Writers creating armies should understand the difference between warriors and soldiers. Warriors are the combatants of primitive or nonurbanized cultures and are judged largely on the basis of individual skill and ability. They tend to go into battle in loose mobs or grouped into warbands, and are led by warriors who lead by virtue of strong personality or hereditary status.
Soldiers are the combatants of organized or urbanized societies and are trained to fight in units rather than as individuals. Soldiery draws its strength from numbers and cooperation at every level. Soldiers are organized into units, go into battle in formations and are led by officers that have been appointed over them by the state or promoted based on merit and experience.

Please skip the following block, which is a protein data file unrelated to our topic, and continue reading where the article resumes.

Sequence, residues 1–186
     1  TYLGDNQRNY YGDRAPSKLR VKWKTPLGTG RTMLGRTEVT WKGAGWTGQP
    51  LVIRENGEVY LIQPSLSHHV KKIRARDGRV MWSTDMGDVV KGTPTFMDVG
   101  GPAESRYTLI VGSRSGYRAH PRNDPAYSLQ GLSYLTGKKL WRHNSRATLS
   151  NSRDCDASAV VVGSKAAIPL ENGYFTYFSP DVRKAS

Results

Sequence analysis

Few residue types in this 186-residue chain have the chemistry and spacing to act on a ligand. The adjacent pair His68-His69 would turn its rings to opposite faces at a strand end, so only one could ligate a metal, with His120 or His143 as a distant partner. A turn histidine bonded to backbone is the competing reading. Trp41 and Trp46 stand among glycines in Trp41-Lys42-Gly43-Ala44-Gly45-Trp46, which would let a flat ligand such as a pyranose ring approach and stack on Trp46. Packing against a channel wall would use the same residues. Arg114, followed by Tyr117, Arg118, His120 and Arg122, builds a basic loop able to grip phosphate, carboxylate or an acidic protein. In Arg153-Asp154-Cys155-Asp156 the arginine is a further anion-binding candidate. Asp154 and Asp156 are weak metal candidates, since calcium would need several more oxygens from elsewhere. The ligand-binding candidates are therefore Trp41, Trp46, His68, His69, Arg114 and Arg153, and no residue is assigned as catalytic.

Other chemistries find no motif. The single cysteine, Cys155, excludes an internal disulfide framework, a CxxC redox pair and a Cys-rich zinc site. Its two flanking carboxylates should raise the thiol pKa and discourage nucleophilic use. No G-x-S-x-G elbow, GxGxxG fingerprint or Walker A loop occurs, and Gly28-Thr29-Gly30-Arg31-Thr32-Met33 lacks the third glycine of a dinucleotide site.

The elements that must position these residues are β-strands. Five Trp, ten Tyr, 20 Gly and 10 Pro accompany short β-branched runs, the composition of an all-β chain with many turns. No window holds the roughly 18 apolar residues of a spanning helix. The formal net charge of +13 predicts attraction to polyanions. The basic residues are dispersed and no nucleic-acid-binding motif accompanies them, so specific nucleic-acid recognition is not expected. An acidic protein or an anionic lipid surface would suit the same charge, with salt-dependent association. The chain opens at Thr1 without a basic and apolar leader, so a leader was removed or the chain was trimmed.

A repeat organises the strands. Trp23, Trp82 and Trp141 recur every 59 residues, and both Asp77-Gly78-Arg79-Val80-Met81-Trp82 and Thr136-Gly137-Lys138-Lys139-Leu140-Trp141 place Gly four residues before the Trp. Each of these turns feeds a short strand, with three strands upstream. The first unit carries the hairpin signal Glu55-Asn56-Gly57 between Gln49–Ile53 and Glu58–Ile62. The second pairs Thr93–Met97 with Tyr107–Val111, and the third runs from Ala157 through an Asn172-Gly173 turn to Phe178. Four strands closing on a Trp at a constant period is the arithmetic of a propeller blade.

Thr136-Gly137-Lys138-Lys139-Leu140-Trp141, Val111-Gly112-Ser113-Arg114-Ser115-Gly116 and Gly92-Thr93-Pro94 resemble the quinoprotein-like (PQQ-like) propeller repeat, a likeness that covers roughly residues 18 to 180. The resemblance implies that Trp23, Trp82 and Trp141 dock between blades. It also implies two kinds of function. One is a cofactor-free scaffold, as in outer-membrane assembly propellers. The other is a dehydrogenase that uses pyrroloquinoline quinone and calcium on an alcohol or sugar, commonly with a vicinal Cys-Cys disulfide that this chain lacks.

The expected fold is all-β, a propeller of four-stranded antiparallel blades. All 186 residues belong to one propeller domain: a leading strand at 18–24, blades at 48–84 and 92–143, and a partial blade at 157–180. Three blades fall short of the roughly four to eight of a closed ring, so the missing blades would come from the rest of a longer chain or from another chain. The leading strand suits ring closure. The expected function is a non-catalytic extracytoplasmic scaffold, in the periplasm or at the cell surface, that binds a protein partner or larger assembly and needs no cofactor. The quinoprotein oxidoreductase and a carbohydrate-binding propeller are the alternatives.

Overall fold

Troops can be formed on the battlefield in many ways, and different eras, places and conditions have dictated various ways of doing so. In the classical world, units of troops tended to be drawn up in a straight line, with the strongest unit on the right flank. Infantry typically formed the core of such armies. Units of cavalry were deployed on the flanks to prevent an enemy from surrounding one end of the army. Units of cavalry might be deployed to the rear of the army and deployed as needed once a battle began.
In battle, commanders tried to force the enemy to retreat, rout or surrender…. [but did you try to get one from the Peasants]